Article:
Diversity in the Venture Capital and Startup Ecosystem

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A Case Study of the Diversity in the Venture Capital and Startup Ecosystem


January 2020

Case Study (PDF Download): Diversity Case Study

LP Game (Word Download): LP Game

For my course — REL597: Silicon Valley Ethics: Case Studies in the World of High Tech — I researched and developed a concise case study that explored diversity in the venture capital and startup ecosystem. I was assisted by the former Managing Director of Firstmark Capital, Catherine Ulrich. 


Venture capital1 plays a significant role in Silicon Valley and the tech industry; some notable VC-backed companies include Tesla, Apple, Starbucks, Uber, WeWork, and Facebook. While less than 1% of total startups seek funding from venture capital, VC-backed companies make up almost half of all public US companies founded between 1979 and 2013; in 2018 alone, VC investors deployed nearly $131 billion across US companies with software being the largest industry. These investors — typically small partnerships of white men — determine the types of entrepreneurs that are backed, which in turn shapes the types of products that we use in our daily lives.

The capital that flows into venture capital funds are usually from pension funds, institutional endowments, foundations, finance companies, and high-net-worth individuals. These investors in venture funds are called limited partners (LPs). LPs aim to minimize risk and aim for a target financial return; since investing in VC funds is much riskier than investing in the S&P 5002, LPs have to strategically select which VC funds to invest in to outperform the stock market and produce good returns. Simply put, LPs invest their money in selected VC funds which in turn invest money, time, and guidance in selected portfolio companies/startups.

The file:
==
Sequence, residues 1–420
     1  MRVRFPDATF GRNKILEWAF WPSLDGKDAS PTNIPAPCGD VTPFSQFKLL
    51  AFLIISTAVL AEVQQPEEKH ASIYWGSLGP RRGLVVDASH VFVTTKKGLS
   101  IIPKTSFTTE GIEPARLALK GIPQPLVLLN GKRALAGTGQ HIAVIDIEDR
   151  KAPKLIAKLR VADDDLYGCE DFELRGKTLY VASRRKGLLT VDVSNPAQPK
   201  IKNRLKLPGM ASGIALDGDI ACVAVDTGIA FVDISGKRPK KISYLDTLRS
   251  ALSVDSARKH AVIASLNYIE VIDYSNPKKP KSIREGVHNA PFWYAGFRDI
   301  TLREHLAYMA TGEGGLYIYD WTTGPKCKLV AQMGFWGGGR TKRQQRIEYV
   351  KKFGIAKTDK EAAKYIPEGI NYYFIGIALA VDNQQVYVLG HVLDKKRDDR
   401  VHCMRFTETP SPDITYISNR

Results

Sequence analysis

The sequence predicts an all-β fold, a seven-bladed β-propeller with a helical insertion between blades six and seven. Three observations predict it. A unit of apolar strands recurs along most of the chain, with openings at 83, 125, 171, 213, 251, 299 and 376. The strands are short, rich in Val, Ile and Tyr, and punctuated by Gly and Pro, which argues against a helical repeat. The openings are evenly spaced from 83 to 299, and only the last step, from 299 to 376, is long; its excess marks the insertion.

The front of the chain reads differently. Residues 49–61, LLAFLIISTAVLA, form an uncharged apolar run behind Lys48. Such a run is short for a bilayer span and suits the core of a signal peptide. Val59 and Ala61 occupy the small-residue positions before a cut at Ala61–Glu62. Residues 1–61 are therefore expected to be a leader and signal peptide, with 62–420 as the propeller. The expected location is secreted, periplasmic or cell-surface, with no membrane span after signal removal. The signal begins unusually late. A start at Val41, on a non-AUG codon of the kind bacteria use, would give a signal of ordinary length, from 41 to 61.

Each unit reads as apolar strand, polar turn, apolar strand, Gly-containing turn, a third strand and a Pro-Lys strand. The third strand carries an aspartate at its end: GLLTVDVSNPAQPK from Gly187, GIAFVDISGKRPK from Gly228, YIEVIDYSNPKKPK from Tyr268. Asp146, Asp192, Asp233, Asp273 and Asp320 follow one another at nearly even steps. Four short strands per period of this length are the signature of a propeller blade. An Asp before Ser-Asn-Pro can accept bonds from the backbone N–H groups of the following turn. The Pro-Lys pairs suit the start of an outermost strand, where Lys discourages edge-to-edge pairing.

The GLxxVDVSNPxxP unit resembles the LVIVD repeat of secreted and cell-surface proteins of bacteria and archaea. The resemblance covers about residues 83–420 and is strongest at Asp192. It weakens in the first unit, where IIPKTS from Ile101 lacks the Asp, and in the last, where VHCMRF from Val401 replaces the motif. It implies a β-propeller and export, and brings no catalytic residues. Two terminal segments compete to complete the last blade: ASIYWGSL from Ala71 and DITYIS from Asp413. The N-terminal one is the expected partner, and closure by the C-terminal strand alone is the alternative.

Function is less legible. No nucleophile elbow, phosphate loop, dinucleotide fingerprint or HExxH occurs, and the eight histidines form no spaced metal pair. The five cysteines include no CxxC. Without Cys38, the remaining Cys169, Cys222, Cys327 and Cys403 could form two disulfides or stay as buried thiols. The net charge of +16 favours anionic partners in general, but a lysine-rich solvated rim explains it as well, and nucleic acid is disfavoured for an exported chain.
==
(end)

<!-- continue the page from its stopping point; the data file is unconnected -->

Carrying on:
The VC industry, historically a boys’ club, suffers an underrepresentation of females on both sides of the table as investors and as company founders. According to All Raise, a nonprofit organization focused on diversity and inclusion efforts in the VC space, less than 10 percent of decision-makers at VC firms are women and 74 percent of U.S. VC firms have zero female investors. Of the $131 billion venture capital investment, only 2.2% of it went to female-founded startups and 15% of it went to mixed-gender founding teams. Despite being known to be one of the least diverse industries (with respect to gender and race), VC decides which companies and founders are given oxygen for their ideas. Do venture capitalists have a responsibility for driving greater diversity in the start-up ecosystem and within VC itself?

Even though there has been an increase in diversity-focused venture capital funds and funds that are run by diverse teams of general partners (GP)3, their relative lack of track record, proprietary deal flow4, and experience working together make them unattractive to LPs who are focused on proven returns and wise investments. According to Catherine Ulrich, an Exeter alumnus and a venture partner at FirstMark Capital5, responsible LPs are supposed to make the best returns; in order to do that, they may not invest in diverse VC teams as current mainstream VC teams/funds, run mostly by white men, have more experience, better track record, better networks and are proven to work. Should LPs then be forced to invest in venture funds run by diverse teams? Overall, who’s responsible for improving diversity in this space